The opinion of the court was delivered by: District Judge William D. Stiehl
MEMORANDUM & ORDER STIEHL, District Judge:
Before the Court is defendant's motion to dismiss or, in the alternative, for more definite statement pursuant to Rules 12(b)(6) and (e), respectively, (Doc. 3), to which plaintiff has filed a response (Doc. 12) and defendant a reply (Doc. 14). This Court entered an Order directing plaintiff to produce a copy of the check, which plaintiff alleged was attached to his complaint (but was not), and which forms the basis of this action (Doc. 18), and plaintiff complied (Doc. 19). Accordingly, defendant's request for a more definite statement pursuant to Fed. R. Civ. P. 12(e), based upon its request for production of the check, is DENIED as moot.
On March 8, 2010, plaintiff filed his complaint in the State of Illinois, Second Judicial Circuit Court (Civil Case No.: 10-L-20). Defendant was served on May 17, 2010, and on June 15, 2010 defendant removed the action to federal court based on diversity jurisdiction under 28 U.S.C. § 1332.*fn1
According to the complaint, on or about September 27, 2005, plaintiff delivered a check payable in the amount of ninety thousand dollars ($90,000.00) to LaSalle Bank/Bank of America ("LaSalle") for deposit into plaintiff's bank account with Banterra Bank. Plaintiff alleges that the funds were then mistakenly transferred to defendant Comerica Incorporated ("Comerica"), account number 72000096. Plaintiff requested return of the funds and defendant refused. The plaintiff now claims unjust enrichment on the part of Comerica for retention of the funds.
The defendant moves for dismissal based on the theory that the unjust enrichment claim is displaced by UCC § 3-420(a), under which plaintiff's cause of action is time-barred by the Code's three-year statute of limitations. UCC § 3-118(g).
The Court reviews motions to dismiss in the light most favorable to the plaintiff, accepts as true all well-pleaded facts alleged, and draws all possible inferences in the plaintiff's favor. Tamayo v. Blagojevich, 526 F.3d 1074, 1081 (7th Cir. 2008). "A court may properly dismiss a claim pursuant to Rule 12(b)(6) only if the plaintiff could prove no set of facts consistent with the allegations of the complaint on which relief could be granted." Minch v. City of Chicago, 486 F.3d 294, 300 (7th Cir. 2007) (citing Conley v. Gibson, 355 U.S. 41, 45-46 (1957)).
The defendant's first argument for dismissal is that the unjust enrichment claim is displaced and time-barred by the UCC. See Travelers Cas.& Sur. Co. of Am., Inc. v. Nw. Mut. Life Ins. Co., 480 F.3d 499, 504-505 (7th Cir. 2007) (holding that plaintiff cannot recharacterize his claim to circumvent the UCC statute of limitations when the UCC fits the facts of the case to a T). The relevant section of the Illinois UCC states:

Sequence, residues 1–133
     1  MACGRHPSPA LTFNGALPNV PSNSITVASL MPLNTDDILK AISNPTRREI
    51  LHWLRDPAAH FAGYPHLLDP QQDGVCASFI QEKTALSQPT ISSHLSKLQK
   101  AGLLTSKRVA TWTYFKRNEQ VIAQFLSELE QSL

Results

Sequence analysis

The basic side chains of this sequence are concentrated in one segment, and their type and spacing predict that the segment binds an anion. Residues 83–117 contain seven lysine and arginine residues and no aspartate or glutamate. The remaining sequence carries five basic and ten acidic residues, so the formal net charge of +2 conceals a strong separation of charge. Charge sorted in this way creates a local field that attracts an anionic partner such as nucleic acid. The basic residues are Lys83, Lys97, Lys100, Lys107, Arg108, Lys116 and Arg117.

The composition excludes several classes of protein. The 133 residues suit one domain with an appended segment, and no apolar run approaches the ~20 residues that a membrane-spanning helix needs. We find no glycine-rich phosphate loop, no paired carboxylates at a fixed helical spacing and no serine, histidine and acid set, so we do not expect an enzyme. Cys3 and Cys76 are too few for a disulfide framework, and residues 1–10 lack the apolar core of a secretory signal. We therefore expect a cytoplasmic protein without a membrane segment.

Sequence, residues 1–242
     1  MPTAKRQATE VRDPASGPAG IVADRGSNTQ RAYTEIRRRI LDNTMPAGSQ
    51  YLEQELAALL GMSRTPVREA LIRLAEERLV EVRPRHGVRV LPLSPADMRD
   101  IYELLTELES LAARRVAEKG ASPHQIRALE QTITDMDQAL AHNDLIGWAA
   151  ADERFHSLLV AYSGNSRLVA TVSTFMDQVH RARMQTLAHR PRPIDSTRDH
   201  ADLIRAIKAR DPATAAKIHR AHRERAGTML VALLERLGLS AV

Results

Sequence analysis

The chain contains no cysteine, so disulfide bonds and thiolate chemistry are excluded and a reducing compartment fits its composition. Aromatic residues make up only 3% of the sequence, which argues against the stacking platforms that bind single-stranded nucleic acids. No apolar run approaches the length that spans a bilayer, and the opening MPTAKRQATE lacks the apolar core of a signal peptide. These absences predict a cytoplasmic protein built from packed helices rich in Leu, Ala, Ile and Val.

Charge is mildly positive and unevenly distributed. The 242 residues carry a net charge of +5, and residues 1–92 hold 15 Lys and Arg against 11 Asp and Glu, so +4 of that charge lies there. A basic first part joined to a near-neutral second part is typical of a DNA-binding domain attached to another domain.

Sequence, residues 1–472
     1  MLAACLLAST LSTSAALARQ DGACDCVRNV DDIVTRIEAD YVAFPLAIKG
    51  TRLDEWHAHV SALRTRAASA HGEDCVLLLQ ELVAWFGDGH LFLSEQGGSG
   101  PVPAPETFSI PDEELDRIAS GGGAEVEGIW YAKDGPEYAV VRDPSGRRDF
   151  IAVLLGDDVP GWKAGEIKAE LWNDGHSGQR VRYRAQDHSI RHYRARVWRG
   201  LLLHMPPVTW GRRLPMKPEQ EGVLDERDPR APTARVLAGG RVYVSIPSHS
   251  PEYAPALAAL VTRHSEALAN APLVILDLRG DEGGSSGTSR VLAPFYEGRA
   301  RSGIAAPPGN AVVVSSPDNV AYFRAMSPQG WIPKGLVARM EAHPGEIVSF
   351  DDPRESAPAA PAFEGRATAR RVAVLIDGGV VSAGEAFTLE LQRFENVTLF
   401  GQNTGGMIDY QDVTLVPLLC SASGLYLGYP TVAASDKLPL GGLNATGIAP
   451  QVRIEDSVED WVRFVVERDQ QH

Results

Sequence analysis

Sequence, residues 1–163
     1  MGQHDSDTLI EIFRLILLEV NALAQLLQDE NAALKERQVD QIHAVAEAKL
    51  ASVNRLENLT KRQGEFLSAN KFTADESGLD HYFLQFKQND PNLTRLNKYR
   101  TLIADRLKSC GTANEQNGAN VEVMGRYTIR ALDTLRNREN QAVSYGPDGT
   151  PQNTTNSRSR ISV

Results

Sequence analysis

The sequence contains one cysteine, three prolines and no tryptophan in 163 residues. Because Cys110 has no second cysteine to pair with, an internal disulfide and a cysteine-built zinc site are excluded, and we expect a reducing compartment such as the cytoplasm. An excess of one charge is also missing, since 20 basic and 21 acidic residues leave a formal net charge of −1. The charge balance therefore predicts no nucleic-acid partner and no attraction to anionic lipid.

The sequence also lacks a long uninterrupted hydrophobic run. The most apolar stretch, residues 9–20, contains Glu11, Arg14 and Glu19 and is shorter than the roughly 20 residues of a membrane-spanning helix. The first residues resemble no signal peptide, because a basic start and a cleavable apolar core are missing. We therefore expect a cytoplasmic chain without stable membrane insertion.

The law applicable to conversion of personal property applies to instruments. An instrument is also converted if it is taken by transfer, other than a negotiation, from a person not entitled to enforce the instrument or a bank makes or obtains payment with respect to the instrument for a person not entitled to enforce the instrument or receive payment. An action for conversion of an instrument may not be brought by (I) the issuer or acceptor of the instrument or (ii) a payee or endorsee who did not receive delivery of the instrument either directly or through delivery to an agent or a co-payee. 810 ILCS 5/3-420(a). The check deposited by the plaintiff is the instrument the defendant claims comes under this statute. While the Seventh Circuit does recognize a check as an instrument within the meaning of the statute, Rodrigue v. Olin Employees Credit Union, 406 F.3d 434, 439 (7th Cir. 2005), the plaintiff alleges that LaSalle, and not Comerica, received the check and transferred the money in question to Comerica. Plaintiff does not allege that the defendant ever "negotiated the check without [plaintiff's] authorization," an essential element of conversion. Rodrigue, 406 F.3d at 439; see also 810 ILCS 5/3-201(a) (defining negotiation as "a transfer of possession, whether voluntary or involuntary, of an instrument by a person other than the issuer to a person who thereby becomes its holder.") Comerica allegedly accepted the check and applied it to one of its accounts.
The question then becomes whether the transfer alleged in the Complaint can itself be considered an instrument within the meaning of the UCC. The UCC states that: "'Instrument' means a negotiable instrument." 810 ILCS 5/3-104(b). The comments for the same section further clarify that "the term 'negotiable instrument' is limited to a signed writing that orders or promises payment of money." Id. at cmt. 1. The plaintiff does not allege that Comerica ever received any "signed writing that orders or promises payment of money," but rather a simple transfer of money. See Sharpe v. F.D.I.C., 126 F.3d 1147, 1153 (9th Cir. 1997) ("With a wire transfer, the funds are available immediately; a cashier's check, on the other hand, is a negotiable instrument that is only an order to pay."). The facts alleged in the Complaint tiptoe dangerously close to meeting the elements of conversion, but the pleadings, at this stage, do not definitively establish that the funds were converted by Comerica.
Furthermore, the Court notes that:
[d]ismissing a complaint as untimely at the pleading stage is an unusual step, since a complaint need not anticipate and overcome affirmative defenses, such as the statute of limitations. But dismissal is appropriate when the plaintiff pleads himself out of court ...